Linda: Kelly goes home to her family and has to make sure they’re organised for tomorrow. I’m really lucky; I go home to a husband who’s already had his tea – although it’s likely to be something odd as he doesn’t normally cook. He’s done the washing, so I’ve got something clean to wear next day, plus he’s ironed and the house is spotless. It’s easy for me, I think my husband believes I’m single-handedly fighting the fires.  I don’t think it is that easy for everyone else though.


Every person on the IMT has a job to do; each of these fit together and allow the team to work towards a common goal.


Kelly: We’ve also got volunteers with some kind of admin background, and they come in to volunteer their services.  There are so many people in the mix – it’s amazing how people come together and work as a team.

It’s a privilege to be part of the IMT, you’ve been selected to assist.  It is very meaningful – you feel like you’re helping in some way and it’s good to be involved in something like this, even though it’s part of our core business we only get to do it for a couple of months a year and the rest is about prevention.


Linda: Don’t think you can’t do anything to help, come down and help with photocopying, filing, anything – it doesn’t matter everyone is doing their bit. There are a lot of people who think they can’t do it, so they don’t volunteer. But there’s always something you can do to help.

It’s an incredible team. You bond with people you don’t normally work with or don’t even know. I’ve never worked with Kelly and I’ve been at the fire service for 20 years this year. You get to know each other in a different way. When you’re working with someone for almost 12 hours each day you get to see a different side of them – it’s really nice. You get a Parks person come along and put their hand on your shoulder and say “how are you doing, are you coping?”

It makes you feel proud to be part of it, and to think you’ve achieved something, even something as small as recording people’s hours or taking notes at a meeting. It’s all important to relieve their stress and just make things tick along.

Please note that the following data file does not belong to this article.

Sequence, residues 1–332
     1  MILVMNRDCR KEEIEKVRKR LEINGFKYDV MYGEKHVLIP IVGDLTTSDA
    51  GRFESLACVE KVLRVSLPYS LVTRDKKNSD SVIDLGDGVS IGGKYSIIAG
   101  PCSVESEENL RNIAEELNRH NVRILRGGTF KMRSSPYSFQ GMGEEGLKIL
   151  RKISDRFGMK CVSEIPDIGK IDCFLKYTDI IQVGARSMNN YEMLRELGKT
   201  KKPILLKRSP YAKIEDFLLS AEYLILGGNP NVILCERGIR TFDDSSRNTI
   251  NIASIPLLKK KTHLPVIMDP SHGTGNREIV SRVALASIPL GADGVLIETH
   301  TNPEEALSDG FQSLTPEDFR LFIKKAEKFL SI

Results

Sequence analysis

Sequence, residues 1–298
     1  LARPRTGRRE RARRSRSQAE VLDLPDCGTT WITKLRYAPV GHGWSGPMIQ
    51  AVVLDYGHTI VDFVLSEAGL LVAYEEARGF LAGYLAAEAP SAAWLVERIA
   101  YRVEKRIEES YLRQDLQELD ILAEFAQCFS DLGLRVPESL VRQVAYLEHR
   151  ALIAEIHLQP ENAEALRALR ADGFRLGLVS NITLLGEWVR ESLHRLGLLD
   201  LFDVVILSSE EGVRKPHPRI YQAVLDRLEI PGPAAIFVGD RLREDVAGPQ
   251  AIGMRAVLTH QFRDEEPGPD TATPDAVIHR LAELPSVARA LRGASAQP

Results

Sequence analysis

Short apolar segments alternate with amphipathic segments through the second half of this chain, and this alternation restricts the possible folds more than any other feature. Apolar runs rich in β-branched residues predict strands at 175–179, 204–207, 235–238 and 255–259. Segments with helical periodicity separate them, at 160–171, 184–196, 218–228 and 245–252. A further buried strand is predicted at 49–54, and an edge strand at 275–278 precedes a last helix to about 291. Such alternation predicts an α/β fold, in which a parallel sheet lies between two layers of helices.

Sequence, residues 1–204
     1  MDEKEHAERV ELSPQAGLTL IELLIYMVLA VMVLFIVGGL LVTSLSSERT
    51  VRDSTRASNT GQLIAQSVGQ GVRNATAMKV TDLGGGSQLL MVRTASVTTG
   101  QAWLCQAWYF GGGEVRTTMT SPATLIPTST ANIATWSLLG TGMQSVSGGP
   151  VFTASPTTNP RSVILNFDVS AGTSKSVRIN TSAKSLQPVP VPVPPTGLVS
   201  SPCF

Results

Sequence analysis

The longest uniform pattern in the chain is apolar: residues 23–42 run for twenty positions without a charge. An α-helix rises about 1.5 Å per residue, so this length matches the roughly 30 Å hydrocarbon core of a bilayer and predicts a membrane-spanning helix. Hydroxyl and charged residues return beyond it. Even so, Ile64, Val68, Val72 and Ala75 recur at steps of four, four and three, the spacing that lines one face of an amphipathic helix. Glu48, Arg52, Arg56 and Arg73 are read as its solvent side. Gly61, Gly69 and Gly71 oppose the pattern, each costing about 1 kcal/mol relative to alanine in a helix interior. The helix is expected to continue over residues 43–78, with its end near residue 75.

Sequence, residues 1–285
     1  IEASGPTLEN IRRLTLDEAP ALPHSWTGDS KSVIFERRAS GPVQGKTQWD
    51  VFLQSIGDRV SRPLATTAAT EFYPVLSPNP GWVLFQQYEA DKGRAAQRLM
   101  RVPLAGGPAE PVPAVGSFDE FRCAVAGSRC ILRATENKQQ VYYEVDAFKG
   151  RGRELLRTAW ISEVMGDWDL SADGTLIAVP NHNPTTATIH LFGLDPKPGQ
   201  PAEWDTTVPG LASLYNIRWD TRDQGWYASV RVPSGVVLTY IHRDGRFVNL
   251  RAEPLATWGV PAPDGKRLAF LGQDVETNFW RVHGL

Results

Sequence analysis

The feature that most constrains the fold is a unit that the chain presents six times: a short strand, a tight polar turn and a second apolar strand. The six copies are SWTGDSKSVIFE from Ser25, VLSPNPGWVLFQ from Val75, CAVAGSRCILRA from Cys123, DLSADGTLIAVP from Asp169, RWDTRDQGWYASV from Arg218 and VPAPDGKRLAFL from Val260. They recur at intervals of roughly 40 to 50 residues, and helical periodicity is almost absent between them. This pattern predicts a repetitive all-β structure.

And of course, those firies are absolutely incredible, we’ve had them come down from all around the state, as well as from Victoria.  Many of us had some kind of contact with Peter Cramer, the DSE firefighter from Victoria, who died. It was very sad the team was going home without a team member.


The IMT sees a range of agencies work together towards the same goal, the Tasmania Fire Service, Parks & Wildlife Service, Forestry Tasmania, Tasmania Police, Ambulance Tasmania, SES and planners, the fabulous EM GIS (DPIPWE) mappers, and firefighters from interstate.


On Friday, day 15, the fires are being downscaled but the huge task of the clean-up is still ahead – a job that’s likely to take months.

Both Kelly and Linda agreed the last 15 days were a rollercoaster – plenty of ups, downs and turns.

Both are two of the many CPSU Members and State Servants who’ve worked or volunteered during and after the fires. Without each of these people doing their part, things could’ve been a lot worse. People from the Tasmania Fire Service, Parks & Wildlife Service, Forestry Tasmania, Tasmania Police, Ambulance Tasmania, State Emergency Service, DPIPWE and many, many more. Agencies that contributed people, time and resources and created a backbone to support those at the fire front in one way or another.

The CPSU thanks everyone who contributed to the effort in the wake of these fires.

**Ironically, while Linda was busy working at the IMT, her husband’s place of employment burnt down in the Bathurst Street fire on Saturday 19th January.